While disciplining your child is difficult for all parents, those with special needs children likely find it especially hard.
However, even kids with disabilities or special needs need disciplining to teach them about boundaries and limits. We know it can be tough to discipline a child when you're not even sure he or she understands what they did wrong, but choosing not to discipline them does way more harm than good.
Here's a few tips from experts about how to positively manage your child's behavior.
Kids won't really believe in the limits you set for them if you only enforce those limits every now and again. Teaching children correct behavior is all about setting standards—and sticking with them. Believe it or not, kids who have trouble learning respond well to structure. Knowing what is expected of them each day is comforting to all children, even those with special needs. All kids crave the consistency daily standards provide. When they know what to expect each day, kids can take on the day with confidence.
Give Praise, Give it Often
More often than not, kids break rules because they want attention or are unsure what to do. By praising them when they do well at something, even little things, kids will feel less-inclined to seek your attention and approval in destructive ways.
Don't Wait to Discipline
Ever heard the statement, “Wait until your father gets home. He'll deal with you” when you were growing up. While some parents choose one to be the disciplinarian, this method can prove futile. Children learn consequences best when they come immediately following their questionable behavior.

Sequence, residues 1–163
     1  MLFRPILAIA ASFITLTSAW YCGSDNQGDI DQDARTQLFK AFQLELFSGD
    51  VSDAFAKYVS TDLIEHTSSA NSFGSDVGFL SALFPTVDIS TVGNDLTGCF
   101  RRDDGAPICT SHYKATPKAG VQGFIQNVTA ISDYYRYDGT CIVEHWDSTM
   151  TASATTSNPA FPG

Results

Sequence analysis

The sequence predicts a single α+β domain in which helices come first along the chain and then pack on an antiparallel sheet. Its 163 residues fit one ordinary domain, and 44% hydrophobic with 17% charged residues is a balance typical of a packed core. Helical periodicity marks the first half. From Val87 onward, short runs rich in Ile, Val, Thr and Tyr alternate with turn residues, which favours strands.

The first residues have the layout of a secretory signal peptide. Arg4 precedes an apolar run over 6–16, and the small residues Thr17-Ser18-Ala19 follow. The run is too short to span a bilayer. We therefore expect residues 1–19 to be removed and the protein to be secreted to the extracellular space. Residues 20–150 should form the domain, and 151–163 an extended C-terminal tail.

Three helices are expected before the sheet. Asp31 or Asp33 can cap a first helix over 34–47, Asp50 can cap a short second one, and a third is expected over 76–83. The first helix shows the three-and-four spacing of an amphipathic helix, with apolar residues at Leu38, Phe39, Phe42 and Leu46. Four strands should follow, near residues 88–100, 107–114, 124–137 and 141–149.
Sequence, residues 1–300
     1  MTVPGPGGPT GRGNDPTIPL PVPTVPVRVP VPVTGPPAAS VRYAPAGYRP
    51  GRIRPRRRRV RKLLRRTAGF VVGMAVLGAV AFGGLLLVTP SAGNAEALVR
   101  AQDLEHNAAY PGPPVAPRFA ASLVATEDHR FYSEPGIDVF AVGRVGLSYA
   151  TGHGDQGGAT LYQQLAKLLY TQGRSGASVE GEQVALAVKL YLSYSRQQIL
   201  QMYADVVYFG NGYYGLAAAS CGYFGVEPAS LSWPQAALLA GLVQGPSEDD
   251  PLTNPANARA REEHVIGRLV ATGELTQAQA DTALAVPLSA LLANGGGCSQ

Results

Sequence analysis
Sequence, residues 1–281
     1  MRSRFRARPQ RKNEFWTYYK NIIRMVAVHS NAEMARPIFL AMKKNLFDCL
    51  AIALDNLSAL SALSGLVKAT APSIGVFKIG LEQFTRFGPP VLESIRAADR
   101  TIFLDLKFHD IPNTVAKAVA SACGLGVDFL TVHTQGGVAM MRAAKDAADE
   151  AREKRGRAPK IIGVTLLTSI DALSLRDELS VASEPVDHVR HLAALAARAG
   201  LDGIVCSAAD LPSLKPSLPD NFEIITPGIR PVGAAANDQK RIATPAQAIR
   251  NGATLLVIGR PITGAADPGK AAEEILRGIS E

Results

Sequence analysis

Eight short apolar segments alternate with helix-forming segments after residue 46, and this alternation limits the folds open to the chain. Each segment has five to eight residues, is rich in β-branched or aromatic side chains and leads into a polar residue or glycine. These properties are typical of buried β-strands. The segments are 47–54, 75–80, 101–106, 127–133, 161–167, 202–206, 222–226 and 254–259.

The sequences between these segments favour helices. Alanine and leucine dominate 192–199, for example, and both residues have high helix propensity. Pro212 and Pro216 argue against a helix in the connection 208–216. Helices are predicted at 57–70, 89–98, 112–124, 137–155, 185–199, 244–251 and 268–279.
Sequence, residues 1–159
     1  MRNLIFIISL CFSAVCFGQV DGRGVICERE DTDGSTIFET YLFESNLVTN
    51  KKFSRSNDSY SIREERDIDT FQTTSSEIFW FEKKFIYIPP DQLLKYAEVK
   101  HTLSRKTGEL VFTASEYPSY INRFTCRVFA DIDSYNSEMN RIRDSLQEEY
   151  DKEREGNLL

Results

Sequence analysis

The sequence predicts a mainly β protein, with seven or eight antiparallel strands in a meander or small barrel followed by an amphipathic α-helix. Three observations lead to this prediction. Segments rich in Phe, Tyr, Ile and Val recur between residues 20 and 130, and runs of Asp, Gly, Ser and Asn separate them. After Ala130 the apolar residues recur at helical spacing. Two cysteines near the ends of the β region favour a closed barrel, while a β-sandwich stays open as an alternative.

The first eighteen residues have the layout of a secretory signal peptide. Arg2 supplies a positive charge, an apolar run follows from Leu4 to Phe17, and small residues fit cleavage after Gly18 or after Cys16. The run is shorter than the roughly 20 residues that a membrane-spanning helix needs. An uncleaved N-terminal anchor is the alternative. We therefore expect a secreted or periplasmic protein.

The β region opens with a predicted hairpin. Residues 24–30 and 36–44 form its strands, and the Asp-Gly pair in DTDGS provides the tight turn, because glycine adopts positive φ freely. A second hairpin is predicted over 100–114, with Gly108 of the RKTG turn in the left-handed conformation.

Behavior Modification Methods
Create a positive behavior chart for your child at home. Place a star sticker on each day your child exhibits positive conduct and set goals with rewards. For instance, if your child receives three good behavior stars in a row, reward them with their favorite snack or meal.
Repeat Over and Over Again
For many kids with special needs, telling them one or two times about certain behavior isn't enough for them to get the gist. Once you've decided on a set of rules, spend the next several weeks teaching and repeating these rules to your child. Use methods like hand signals to help your child remember each rule.
Give Simple, Direct Instructions
It's always best not to complicate instructions. Likewise, don't give too many instructions at one time. For instance, don't just say, “Clean up your toys, then put all of your books back on the shelf.” Start out with, “Pick up and place all of your toys into the toy basket.” Once that chore is done, THEN you can move on to the next task of placing the books on their shelves.
If your child has a diagnosis of Cerebral Palsy what level of the GMFCS are they?